The School of Social Work celebrated its 50th Anniversary on Saturday November 9, 2013 with an all-day Institute entitled “Exploring the Best Practices in Social Work in the fields of: Aging, Behavioral Health, Child Welfare, Criminal Justice, and Health”. The program featured opening remarks by Janlee Wong, Executive Director of the California Chapter of NASW and panelists included: Patricia Volland, a Distinguished Lecturer and Directors of the Social Work Leadership Institute at the Silverman School of Social Work at Hunter College; Alfredo Aguirre, Director of SD County Department of Behavioral Health; Charles Wilson, Executive Director of the Chadwick Center for Children and Families, Rady’s Children ‘s Hospital of San Diego; Mack Jenkins, Chief Probation Officer of San Diego County; and as moderator Dr. Thom Reilly, Director of the School of Social Work. A reception followed the Institute, providing an opportunity for alumnus to reconnect and network with each other.
To commemorate the event this blog provides you a short chronological history of the School.
In the early 1960’s Governor Pat Brown hired Dr. Ernest Witte, a nationally recognized social work educator as a consultant to assess the need for additional social work education programs in the State. Dr. Witte subsequently become a consultant to the Chancellor of the California State College System and developed a strategic plan for social work education in California. Upon the recommendations found in the strategic plan, the California State Assembly approved in l962 the creation of six new schools of social work in the State College System and provided line item funding for this purpose. Five Masters in Social Work (M.S.W.) degree programs were initiated during this era. These included programs at California State College Fresno; San Francisco; San Jose; Sacramento; and San Diego.
Dr. Witte was appointed in 1963 as the first Dean of the School of Social Work at the California State College San Diego. The School was created that year with the transfer to the School of Social Work of an undergraduate social welfare major that had existed in the Sociology Department since the 1950s and the creation of a new M.S.W. program. The first student body of 45 was admitted in September of l964 and an inaugural dinner for the new M.S.W. Program was held on September 22, l964.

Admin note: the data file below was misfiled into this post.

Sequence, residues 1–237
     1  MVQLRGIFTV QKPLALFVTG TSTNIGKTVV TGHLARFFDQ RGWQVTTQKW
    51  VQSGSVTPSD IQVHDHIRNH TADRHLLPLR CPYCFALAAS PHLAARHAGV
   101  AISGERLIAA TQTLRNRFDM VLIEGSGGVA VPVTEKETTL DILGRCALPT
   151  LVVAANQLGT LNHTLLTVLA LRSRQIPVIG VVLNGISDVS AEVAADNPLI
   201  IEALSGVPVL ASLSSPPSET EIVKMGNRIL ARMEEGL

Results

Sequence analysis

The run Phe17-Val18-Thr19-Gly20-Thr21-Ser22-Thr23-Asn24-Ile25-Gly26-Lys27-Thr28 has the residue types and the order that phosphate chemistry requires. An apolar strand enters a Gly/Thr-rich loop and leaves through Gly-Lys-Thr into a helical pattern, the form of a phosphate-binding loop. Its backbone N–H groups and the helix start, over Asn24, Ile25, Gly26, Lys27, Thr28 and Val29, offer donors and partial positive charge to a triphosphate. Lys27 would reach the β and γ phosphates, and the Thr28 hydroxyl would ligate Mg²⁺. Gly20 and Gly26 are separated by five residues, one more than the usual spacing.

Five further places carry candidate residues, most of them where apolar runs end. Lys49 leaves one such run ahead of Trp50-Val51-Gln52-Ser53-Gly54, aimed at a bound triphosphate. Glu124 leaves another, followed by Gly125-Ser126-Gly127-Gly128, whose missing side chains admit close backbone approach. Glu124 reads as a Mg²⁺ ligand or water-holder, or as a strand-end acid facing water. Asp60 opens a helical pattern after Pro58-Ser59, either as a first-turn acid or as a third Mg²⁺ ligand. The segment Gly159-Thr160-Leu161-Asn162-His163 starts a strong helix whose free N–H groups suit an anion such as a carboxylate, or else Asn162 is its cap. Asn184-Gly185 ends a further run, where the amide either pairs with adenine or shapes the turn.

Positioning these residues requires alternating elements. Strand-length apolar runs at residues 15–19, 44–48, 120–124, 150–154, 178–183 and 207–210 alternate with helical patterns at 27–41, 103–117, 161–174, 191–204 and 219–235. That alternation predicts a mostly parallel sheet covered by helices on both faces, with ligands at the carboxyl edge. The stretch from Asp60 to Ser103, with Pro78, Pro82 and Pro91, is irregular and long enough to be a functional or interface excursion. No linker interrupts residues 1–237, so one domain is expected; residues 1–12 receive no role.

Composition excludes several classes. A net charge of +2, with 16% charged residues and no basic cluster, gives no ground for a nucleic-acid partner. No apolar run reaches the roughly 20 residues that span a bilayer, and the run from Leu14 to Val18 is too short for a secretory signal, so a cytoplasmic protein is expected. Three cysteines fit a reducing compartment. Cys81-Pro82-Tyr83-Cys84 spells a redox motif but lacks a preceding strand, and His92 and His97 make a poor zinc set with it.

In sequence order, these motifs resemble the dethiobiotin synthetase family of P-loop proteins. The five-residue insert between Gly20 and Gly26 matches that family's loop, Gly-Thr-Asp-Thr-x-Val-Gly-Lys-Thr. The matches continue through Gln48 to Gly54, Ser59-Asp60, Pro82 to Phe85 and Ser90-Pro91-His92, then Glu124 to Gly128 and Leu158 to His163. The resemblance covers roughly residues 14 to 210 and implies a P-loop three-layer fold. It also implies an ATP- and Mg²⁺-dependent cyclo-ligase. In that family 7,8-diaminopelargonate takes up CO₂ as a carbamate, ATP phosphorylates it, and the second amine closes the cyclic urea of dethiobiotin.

An application for accreditation of the masters program was submitted in 1965 to the Council on Social Work Education (CSWE) Commission on Accreditation. The M.S.W. program received full accreditation in 1966 and the first class graduated that year. This is the first of the degree programs to be offered over the years by the School. In subsequent years the following degree programs evolved. They included:
- An MSSW degree (Baccalaureate/Master degree which is now called the advance standing program). Students with a BASW degree completed the MSW program in one year. This program was initially offered from l969 to 1975.
- The BASW degree was accredited in 1974.
- Two four-year dual degree programs were started: In 1987 an MSW/MPH degree program and in 1995 an MSW/JD degree program.
Dr. Kurt Riechart was appointed the Dean of the School of Social Work in 1970. Under his leadership, in the early l970, additional initiatives evolved for the School: the Institute on Ethnic and Minority Curriculum Content and the inclusion of an emphasis on Social Work with the Aging. The School’s emphasis in aging resulted in the creation of the Schools first Center in l973. With strong support from community services agencies a “Center on Aging” was created within the School. Over time other institutes and centers were created these included: The Social Policy Institute in 1985; in 1987 The Center for Alcohol and Other Drug Studies and Services; and the Consensus Organizing Center in 1999.
In 1974 Dr. Joe Kelly was appointed to serve as Acting Dean of the School. At that time Dr. Kelly took the lead in the School’s efforts to assist in the development of a five and a half year License in Social Work Program at the Universidad Autonomo de Mexico in Tijuana Mexico. This was the first of the School’s ventures into the international arenas. Others would follow: